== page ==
Abstracts‎ > ‎

Angela Dimitrakaki

Feminist Politics and Institutional Critiques: Imagining a Curatorial Commons

CLICK HERE for shortened version of the presentation (in Estonian cultural weekly Sirp)

Concerned more with the future than the past of feminism and curating in post-socialist Europe, this paper presents a theoretical proposition. The thesis emerges from what is, perhaps, an unorthodox interpretation of the conference title, Common Differences: Issues for Feminist Curating in Post-Socialist Europe: that today feminist curating takes place in a Europe – stretching from East to West and North to South – where governments promote and impose a social reality devoid of socialism. Indeed, aggressive privatisation, intensified in the context of the global financial crisis, is making women steadily poorer. In some respects, it follows that the main issue for feminist curating in post-Socialist Europe is how to overcome this ideology of ‘post’– how to re-imagine, mediate and legitimate the prospect of a transnational socialist vision as a feminist politics. Curating seems an appropriate field for dealing with this issue because of its relationship with capitalist institutions whose role becomes apparent when they regulate art. What these institutions primarily do is ensure that art remains implicated in a competitive race for resources and visibility (which also translates to profit for the few, precarity for the many). Yet curatorial agency can undermine existent institutional policies, be more aware of funding issues (who funds what and why), encourage a practice of art that is less dependent on the art institution as such, and generate grass-roots formations that facilitate the realisation of art as social(ist) praxis. This paper explores the scenario where feminist curating develops a self-consciousness as anti-capitalist institutional critique – or taking things further, it understands feminist curating as necessarily a form of institutional critique at a global moment when capital is invested heavily in the administrative ethos and regulatory function of institutions. Moreover, this critique can be pluralised and diversified so as to be inclusive and investigative of alternative positions that may converge towards the articulation of a common space of resistance without demanding one-way solutions. In short, this paper asks: How can feminist politics contribute to a curatorial commons as a gesture against cultural-economic antagonisms, and what positions can be facilitated through sharing our experiences rather than reading them as against each other?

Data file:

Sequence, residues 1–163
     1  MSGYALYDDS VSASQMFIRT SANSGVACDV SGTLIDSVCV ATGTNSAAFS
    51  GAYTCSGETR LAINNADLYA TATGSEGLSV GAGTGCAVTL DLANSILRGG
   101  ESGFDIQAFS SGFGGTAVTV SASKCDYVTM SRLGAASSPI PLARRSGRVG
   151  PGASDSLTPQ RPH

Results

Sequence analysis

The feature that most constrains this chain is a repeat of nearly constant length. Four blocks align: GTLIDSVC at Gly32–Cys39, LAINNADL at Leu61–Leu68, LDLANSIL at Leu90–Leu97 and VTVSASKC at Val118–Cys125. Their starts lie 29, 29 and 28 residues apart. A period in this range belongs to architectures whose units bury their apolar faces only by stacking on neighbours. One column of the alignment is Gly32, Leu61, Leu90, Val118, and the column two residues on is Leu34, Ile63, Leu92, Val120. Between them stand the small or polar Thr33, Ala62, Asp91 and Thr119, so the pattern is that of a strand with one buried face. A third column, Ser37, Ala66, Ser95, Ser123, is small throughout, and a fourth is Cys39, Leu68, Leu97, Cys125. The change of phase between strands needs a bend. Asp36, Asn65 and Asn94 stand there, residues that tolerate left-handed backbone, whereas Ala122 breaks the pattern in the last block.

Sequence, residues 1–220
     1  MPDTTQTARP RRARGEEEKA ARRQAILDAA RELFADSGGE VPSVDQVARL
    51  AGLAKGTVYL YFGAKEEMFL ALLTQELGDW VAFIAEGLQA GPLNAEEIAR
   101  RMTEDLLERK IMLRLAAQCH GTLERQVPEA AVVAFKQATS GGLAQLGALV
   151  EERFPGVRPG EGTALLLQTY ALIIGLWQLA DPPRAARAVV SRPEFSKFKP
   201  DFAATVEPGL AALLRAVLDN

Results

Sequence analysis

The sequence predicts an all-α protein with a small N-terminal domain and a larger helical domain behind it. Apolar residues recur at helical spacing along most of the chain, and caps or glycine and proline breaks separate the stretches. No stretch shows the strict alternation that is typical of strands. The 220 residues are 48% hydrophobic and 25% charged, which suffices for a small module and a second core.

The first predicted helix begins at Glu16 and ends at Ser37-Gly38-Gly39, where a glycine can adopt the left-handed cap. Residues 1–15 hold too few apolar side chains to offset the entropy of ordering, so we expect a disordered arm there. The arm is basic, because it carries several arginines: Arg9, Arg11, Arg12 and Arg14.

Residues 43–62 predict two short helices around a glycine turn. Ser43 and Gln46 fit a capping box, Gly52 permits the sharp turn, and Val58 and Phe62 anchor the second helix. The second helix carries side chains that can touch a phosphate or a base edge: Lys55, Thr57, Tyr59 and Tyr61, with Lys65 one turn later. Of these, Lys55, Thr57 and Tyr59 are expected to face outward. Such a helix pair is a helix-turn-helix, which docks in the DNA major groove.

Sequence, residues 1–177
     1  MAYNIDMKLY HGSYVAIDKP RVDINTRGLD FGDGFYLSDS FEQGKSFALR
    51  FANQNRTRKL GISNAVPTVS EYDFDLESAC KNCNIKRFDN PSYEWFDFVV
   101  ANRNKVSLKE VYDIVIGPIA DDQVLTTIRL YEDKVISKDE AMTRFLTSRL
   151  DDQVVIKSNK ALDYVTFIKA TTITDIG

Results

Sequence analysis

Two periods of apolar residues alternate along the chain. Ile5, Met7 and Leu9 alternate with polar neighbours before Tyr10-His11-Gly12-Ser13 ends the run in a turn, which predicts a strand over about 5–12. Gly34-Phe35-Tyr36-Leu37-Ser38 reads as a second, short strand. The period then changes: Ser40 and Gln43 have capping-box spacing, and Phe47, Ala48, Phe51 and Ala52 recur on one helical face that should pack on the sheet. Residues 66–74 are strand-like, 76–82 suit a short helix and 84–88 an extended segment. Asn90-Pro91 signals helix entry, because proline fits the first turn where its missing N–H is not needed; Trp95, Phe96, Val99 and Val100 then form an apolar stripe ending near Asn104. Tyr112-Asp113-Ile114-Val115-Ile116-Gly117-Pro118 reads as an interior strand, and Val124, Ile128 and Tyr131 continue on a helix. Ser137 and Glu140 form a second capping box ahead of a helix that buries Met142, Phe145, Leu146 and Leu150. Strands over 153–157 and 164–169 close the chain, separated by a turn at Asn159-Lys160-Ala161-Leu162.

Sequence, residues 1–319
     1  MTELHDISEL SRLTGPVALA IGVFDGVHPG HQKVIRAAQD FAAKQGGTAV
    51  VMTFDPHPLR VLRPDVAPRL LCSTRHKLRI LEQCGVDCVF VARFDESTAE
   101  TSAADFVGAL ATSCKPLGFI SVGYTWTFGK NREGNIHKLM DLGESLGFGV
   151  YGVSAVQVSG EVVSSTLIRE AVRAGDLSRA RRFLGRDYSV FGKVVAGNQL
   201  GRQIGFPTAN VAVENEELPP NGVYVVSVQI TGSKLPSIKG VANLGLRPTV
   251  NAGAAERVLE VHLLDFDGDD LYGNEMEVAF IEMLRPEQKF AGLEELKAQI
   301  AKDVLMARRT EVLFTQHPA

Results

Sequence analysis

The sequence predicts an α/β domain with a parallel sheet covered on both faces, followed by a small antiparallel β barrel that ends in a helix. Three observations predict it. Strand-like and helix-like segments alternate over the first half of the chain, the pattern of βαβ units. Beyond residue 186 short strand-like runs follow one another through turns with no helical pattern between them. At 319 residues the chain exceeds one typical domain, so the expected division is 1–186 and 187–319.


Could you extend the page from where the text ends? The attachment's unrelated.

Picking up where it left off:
Angela Dimitrakaki (PhD) is lecturer in contemporary art history at the University of Edinburgh. Recent publications include ‘Researching Cultures and the Omitted Footnote: Questions on the Practice of Feminist Art History’ in Amelia Jones, ed, The Feminism and Visual Culture Reader, 2nd edition, Routledge 2009, ‘The Spectacle and Its Others: Labour, Conflict and Art in the Age of Global Capital’ in Jonathan Harris, ed, Globalization and Contemporary Art, Wiley-Blackwell 2011 and ‘The Art Biennial as Symptom’ in Pilar Parcericas and Joacquin Barriendos, eds, Global Circuits: The Geography of Art and the New Configurations of Critical Thought, Acca 2011. She has recently completed a book on globalisation and art in her native Greek (Hestia 2011) and is currently writing Gender, Art/Work and the Global Imperative: A Materialist Feminist Critique, forthcoming from Manchester University Press. She is co-editor with Lara Perry of Politics in A Glass Case: Exhibiting Women’s and Feminist Art, forthcoming from Liverpool University Press.